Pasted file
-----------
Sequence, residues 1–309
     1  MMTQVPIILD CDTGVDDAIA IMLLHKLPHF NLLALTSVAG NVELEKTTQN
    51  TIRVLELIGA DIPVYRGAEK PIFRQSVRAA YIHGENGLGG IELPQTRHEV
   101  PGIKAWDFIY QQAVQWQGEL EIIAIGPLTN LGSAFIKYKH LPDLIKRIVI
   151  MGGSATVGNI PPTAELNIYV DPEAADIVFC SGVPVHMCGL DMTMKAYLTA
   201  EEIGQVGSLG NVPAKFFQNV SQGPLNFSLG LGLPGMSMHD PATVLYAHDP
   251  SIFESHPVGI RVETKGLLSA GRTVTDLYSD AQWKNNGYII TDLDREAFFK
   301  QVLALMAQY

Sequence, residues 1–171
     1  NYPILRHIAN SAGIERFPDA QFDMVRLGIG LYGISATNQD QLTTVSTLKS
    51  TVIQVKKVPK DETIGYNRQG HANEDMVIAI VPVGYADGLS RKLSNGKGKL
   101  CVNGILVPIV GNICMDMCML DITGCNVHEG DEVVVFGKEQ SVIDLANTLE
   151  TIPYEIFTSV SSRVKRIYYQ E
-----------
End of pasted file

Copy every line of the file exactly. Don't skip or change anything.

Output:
Sequence, residues 1–309
     1  MMTQVPIILD CDTGVDDAIA IMLLHKLPHF NLLALTSVAG NVELEKTTQN
    51  TIRVLELIGA DIPVYRGAEK PIFRQSVRAA YIHGENGLGG IELPQTRHEV
   101  PGIKAWDFIY QQAVQWQGEL EIIAIGPLTN LGSAFIKYKH LPDLIKRIVI
   151  MGGSATVGNI PPTAELNIYV DPEAADIVFC SGVPVHMCGL DMTMKAYLTA
   201  EEIGQVGSLG NVPAKFFQNV SQGPLNFSLG LGLPGMSMHD PATVLYAHDP
   251  SIFESHPVGI RVETKGLLSA GRTVTDLYSD AQWKNNGYII TDLDREAFFK
   301  QVLALMAQY

Sequence, residues 1–171
     1  NYPILRHIAN SAGIERFPDA QFDMVRLGIG LYGISATNQD QLTTVSTLKS
    51  TVIQVKKVPK DETIGYNRQG HANEDMVIAI VPVGYADGLS RKLSNGKGKL
   101  CVNGILVPIV GNICMDMCML DITGCNVHEG DEVVVFGKEQ SVIDLANTLE
   151  TIPYEIFTSV SSRVKRIYYQ E